1)  People Paralyzed by FearGrasshopper Mentality

Root Problem = Lack of Faith = the Mission is Impossible

We are nobody … we are just going to get squashed

Kids, do you ever wonder what ants think of humans?

Hebrews 11 records the Faith Hall of Fame – all those heroes of the faith – but there is a significant gap between verses 29-30 = the 40 years of wandering in the wilderness;

That is where our story takes place … what has to happen in order to lead up to the walls of Jericho falling down? What are our walls of Jericho in our life??  What has to happen to make them fall down??  So that we can live as heroes of the faith as well??

Num 13-14 – Report of the 12 Spies —

Interesting that the Lord commissioned them to go check out the land – to get a vision for victory  = “Spy out the land I am going to give to you” (13:2).

Not charged with determining whether or not to complete the assigned mission.

This was an issue of Obedience vs Rebellion – same with us.

The Lord had demonstrated His glory and power over and over again in amazing ways … yet the people refused to trust and obey.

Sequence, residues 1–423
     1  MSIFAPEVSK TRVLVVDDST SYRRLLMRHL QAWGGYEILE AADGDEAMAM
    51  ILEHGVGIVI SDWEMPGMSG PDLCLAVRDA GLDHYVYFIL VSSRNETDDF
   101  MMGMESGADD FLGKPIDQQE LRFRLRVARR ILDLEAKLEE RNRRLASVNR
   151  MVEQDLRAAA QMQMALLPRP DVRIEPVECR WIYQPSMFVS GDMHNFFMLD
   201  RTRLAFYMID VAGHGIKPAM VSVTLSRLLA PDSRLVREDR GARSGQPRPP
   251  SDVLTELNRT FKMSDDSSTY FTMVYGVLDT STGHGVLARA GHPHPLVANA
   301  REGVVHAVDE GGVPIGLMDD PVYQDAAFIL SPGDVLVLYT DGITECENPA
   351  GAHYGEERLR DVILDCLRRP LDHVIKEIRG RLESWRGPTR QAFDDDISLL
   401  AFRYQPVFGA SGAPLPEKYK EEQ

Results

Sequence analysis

Issue: Do we believe that the Lord is with us and able to give us the victory …

Or do we look at ourselves vs the obstacles and see ourselves as grasshoppers and the obstacles as Giants that can’t be conquered?

God specializes in killing Giants – remember David and Goliath … fall of Jericho …

What Giants do you face that want to keep you from experiencing God’s victory and blessing?  Have to face our giants … not run from them.

How many times did Jesus have to address His disciples with the simple command: “Fear not

Need a Vision of Victory – focusing on God’s Promises